One question inspired Erik Wambre, PhD, to dedicate his career to allergy research.
“Why can most people eat peanuts without a problem, but some people have a serious reaction to just a small amount?” he says. “What makes one person allergic and not another?”
Dr. Wambre’s research focuses on what causes allergies and how to stop them — including a key discovery of a cell type called TH2A that drives all allergic diseases. His team recently contributed to testing PALFORZIA, a treatment intended to help people who are allergic to peanuts gradually reduce their sensitivity to them.
“Having severe peanut allergies can mean constant fear — what if your child mistakenly eats a peanut on an airplane and has a life-threatening reaction?” Dr. Wambre says. “This therapy can help lessen that fear.”
How Palforzia Works
Allergies happen when your immune system responds aggressively to something harmless (like a peanut). For food allergies, the current standard of care is to avoid the things you react to. But this is difficult because allergens like nuts and soy are in so many foods — and some people experience severe reactions to even small amounts of them.
Scientists learned that gradually exposing the immune system to tiny bits of an allergen can make people less sensitive to it. Dr. Wambre teamed up with a company called Aimmune to test a treatment using this approach. They ultimately developed PALFORZIA, which in 2020 became the first FDA-approved oral immunotherapy for people age 4 to 17 with a peanut allergy.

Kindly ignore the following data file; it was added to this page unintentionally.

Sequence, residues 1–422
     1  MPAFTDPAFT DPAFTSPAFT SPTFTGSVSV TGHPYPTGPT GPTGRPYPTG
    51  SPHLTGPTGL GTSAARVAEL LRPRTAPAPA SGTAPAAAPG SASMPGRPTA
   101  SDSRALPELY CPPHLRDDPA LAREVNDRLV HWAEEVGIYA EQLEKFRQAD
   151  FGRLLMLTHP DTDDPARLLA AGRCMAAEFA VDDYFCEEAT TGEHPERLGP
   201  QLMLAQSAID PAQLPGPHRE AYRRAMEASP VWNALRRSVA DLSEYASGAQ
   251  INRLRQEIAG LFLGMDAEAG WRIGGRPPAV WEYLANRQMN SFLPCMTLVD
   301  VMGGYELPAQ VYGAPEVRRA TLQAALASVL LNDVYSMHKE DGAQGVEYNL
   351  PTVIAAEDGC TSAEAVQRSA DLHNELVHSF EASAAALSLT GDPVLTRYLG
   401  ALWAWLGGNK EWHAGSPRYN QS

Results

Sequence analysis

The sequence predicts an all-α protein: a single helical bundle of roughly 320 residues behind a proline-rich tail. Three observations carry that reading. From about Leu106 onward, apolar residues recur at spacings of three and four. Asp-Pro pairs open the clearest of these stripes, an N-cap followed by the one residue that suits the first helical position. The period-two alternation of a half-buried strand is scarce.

“Immune cells still react to peanuts. But over time, they get tired and their response gets weaker,” Dr. Wambre says, “This can reduce the frequency and severity of allergic reactions. And that’s life-changing for people who live in fear of accidental exposure.”
Learning More, Aiming for Cures
Dr. Wambre and his team are now involved in multiple studies building on the success of PALFORZIA. BRI received funding from the National Institutes of Health and FARE (Food Allergy Research & Education) to investigate the specific cells affected by the drug and the exact process it uses to curb allergies. Studies like this (called mechanistic studies) can shed light on who a therapy will work best for and improve overall understanding of a disease.
Dr. Wambre’s team also worked with the Immune Tolerance Network (a global research network based at BRI) to further examine which patients might respond best to immunotherapy for peanut allergies, who might experience side effects and how long one needs to take the therapy to have a long-term benefit.
“We found that younger participants and those with fewer TH2A cells at start of therapy had the best response to immunotherapy,” says Dr. Wambre, who expects to publish findings later this year.
Dr. Wambre’s team will continue to explore new allergy treatments. He’s hopeful that further study of TH2A cells could fuel an even bigger breakthrough.
“Right now, the best way to treat allergies is one at a time, little by little. But TH2A drives all allergies. If we could figure out how to knock out TH2A cells, we could target all allergies at once,” Dr. Wambre says. “That could cure a lot of people.”
This was originally published in the Spring 2022 issue of the Powering Possibilities newsletter.
April 11, 2022
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